Instead, let’s try this: decide, here and now, what we will and will not tolerate in our lives. What we will and will not be silent about. Decide how we will do good in our lives, contribute to others, and leave the world better than we found it.

And decide to never, ever put our hope or blame on elected officials again. Decide we’re a little too old for that story now. A little too smart. Too grownup. Too non-reptilian.

In Illusions, Richard Bach said: “Within each of us lies our consent to sickness or health, to riches or poverty, to freedom or slavery. It is we who control these, and no one else.”

No one wants to hear that, do they?

That means they just might be responsible for their own sickness, poverty, and slavery.

Listen, I get it. A message of self-responsibility sucks. We’re too tired. We’re fed up. In addition to everything else, we’re supposed to fix the world, too? Christing Hell. Why is it my responsibility and not someone else’s? Why can’t we just blame someone else, like the President, or the other party, or the corporations, or the bankers, or the Illuminati, or some other group of people we don’t particularly like? Better yet, why can’t we just hire a really special somebody for the job, our “representative”, and let them handle it?

Never mind all that immune-strengthening, just give me a new pill to swallow!

Yep. Looking in that mirror is a bitch.

But, if you read that Illusions quote again, isn’t there also a kernel of hope in there? It means: we need not be at the mercy of forces beyond us. “Within each of us lies our consent” could also read: within each of us lies the possibility.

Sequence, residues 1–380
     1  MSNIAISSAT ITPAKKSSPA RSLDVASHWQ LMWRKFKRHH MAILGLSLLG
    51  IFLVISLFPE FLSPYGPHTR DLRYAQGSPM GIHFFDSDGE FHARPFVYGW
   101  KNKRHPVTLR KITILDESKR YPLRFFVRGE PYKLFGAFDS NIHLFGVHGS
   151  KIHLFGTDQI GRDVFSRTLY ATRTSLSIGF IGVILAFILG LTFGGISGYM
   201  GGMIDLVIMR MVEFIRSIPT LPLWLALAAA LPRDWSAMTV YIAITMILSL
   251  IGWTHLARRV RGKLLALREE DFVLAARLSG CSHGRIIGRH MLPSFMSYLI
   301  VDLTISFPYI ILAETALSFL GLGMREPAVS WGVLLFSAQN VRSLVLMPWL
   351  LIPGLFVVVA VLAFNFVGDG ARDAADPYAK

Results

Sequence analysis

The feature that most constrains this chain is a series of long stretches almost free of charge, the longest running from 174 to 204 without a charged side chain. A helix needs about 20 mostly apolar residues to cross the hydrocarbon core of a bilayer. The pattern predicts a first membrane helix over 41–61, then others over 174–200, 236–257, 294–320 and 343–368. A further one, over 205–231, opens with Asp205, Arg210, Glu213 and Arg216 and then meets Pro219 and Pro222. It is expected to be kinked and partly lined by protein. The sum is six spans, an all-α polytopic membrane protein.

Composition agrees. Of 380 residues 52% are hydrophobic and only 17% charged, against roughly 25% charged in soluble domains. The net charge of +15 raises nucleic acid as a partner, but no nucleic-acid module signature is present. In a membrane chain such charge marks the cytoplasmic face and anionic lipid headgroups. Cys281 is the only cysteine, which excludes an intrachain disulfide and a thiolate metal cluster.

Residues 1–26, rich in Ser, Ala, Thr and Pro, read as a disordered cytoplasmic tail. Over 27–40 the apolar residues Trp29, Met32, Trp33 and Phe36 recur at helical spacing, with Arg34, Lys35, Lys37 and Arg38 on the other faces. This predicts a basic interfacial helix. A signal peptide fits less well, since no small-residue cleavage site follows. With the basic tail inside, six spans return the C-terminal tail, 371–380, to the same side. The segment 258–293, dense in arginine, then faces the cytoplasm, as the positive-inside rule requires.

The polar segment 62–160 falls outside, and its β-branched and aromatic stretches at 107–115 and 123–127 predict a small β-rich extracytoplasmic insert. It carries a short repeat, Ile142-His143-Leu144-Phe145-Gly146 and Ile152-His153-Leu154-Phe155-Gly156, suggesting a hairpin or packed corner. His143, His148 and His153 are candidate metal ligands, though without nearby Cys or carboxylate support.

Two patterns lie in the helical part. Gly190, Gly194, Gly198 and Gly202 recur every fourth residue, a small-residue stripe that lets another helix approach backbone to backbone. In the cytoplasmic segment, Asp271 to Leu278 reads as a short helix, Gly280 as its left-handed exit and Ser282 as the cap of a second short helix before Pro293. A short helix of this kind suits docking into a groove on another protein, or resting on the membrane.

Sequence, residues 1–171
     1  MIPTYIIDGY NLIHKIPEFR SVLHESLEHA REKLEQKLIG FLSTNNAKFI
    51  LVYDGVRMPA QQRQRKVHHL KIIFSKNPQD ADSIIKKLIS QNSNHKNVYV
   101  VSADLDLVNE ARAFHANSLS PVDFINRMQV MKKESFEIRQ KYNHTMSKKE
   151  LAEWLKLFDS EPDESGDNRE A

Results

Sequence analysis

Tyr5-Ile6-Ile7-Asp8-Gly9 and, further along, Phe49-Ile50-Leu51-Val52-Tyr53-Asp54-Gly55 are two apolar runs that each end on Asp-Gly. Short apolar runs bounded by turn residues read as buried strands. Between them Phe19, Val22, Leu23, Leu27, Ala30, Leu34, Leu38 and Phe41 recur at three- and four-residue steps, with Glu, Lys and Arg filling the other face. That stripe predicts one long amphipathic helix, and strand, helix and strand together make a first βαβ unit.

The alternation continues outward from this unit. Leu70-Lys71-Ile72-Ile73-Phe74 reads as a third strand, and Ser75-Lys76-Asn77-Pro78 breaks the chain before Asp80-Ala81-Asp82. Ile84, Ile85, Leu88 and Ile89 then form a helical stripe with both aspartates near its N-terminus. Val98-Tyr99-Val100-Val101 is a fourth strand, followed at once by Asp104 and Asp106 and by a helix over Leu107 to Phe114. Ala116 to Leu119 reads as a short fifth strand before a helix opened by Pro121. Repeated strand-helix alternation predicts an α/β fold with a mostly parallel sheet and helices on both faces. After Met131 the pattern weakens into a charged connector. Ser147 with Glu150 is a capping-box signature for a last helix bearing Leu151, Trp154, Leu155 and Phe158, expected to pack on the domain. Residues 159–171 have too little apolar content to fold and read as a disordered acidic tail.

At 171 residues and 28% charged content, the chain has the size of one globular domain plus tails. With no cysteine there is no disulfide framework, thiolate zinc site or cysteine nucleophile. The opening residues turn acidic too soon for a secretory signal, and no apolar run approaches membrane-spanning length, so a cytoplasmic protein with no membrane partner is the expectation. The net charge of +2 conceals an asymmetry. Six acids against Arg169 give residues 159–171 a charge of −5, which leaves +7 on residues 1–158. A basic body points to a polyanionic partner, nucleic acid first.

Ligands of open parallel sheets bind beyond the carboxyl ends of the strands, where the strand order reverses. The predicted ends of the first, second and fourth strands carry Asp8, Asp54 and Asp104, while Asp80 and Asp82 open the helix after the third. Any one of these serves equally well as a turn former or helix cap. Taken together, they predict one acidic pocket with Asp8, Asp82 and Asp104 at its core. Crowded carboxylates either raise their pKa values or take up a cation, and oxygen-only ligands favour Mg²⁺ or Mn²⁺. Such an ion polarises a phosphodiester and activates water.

What can I do?

Listen, much as we may want someone else fix the world for us, it’s just not gonna happen, and if you’re a thinking person, I think you already know that.

A new pill won’t help.

Like or not, friends, the cure lies within us.

You and I make the world what it is.

If you think about it, we’ve been given a valuable, life-saving piece of information. If elections just show us how healthy or sick we are, then we’ve been handed an MRI scan that paints a grim picture. We could despair. Or we could use this information to change what we’ve been doing.

So, instead of endlessly despairing about one symptom (as goofy and infuriating by turns as that symptom might be) I invite you to think on this, and try to be as honest as you can: in what way is that person staring back at me from my bathroom mirror contributing to the disease?

Even better, in what way might the immune system fight back?

Images: Copyright: shakzu / 123RF Stock Photo